In 1912 Broome was as much Asian as Australian, filled with the smell of unfamiliar spices and a babel of competing languages. The town thrived on the hugely profitable, and extremely dangerous pearl shell industry, where Asian labour was cheap to hire, and easy to replace. It was a frontier town, where racial tensions simmered uneasily between whites, Asians and Aborigines.
In that year, twelve British Royal Navy-trained divers and their tenders were sent to Broome, urged on by a Federal Government deep in the grip of the ‘White Australia’ policy and anxious to rid the country of the last remaining Asian ‘taint’. Their task was to master the perilous art of pearl-shell diving, and overcome the Asian stranglehold on the pearling industry, proving once and for all the supremacy of the white man over the coloured.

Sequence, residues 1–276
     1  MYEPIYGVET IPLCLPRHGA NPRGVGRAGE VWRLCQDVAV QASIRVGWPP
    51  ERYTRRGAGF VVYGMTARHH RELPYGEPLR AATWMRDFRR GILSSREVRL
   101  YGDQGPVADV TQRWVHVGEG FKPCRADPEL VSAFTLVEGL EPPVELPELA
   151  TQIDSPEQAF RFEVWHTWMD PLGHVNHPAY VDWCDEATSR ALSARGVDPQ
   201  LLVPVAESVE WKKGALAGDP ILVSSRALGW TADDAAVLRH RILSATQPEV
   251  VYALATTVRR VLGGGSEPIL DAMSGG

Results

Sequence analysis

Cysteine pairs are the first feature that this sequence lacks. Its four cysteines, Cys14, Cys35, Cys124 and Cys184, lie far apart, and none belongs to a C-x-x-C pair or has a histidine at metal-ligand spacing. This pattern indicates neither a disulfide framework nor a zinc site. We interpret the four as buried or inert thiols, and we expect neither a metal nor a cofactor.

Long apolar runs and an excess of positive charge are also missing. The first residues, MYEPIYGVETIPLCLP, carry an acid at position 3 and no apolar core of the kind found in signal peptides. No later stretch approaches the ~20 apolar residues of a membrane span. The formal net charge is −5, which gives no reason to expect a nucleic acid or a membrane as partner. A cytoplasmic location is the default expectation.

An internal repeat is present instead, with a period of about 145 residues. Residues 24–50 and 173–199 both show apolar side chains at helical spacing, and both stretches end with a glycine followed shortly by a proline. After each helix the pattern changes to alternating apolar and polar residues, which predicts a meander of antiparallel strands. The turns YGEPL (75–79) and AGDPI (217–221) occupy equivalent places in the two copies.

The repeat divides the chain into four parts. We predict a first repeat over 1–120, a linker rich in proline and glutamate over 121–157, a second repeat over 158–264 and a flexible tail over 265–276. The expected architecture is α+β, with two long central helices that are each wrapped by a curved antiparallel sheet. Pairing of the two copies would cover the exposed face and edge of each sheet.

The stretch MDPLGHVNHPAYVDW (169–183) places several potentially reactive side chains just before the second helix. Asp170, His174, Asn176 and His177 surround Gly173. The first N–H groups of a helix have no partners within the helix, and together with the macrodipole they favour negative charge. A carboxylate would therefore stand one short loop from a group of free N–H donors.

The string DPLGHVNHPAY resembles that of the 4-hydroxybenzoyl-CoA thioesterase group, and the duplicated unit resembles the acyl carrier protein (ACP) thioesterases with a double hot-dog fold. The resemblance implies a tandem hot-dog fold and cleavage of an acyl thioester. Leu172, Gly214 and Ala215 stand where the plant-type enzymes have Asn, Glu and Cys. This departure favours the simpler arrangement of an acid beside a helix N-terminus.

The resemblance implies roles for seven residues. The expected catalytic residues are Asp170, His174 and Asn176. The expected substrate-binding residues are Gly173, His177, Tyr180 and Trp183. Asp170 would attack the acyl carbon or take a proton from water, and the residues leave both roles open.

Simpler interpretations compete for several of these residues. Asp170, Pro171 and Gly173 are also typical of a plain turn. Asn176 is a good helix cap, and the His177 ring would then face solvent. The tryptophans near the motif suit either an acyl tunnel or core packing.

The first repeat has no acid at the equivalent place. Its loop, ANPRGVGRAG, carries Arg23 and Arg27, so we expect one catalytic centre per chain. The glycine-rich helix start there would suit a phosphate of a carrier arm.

The White Divers of Broome tells the extraordinary story of this experiment, and its fatal aftermath. It is a gripping narrative, and a window on a past that echoes with many of the same fears, prejudices and hopes as our society today.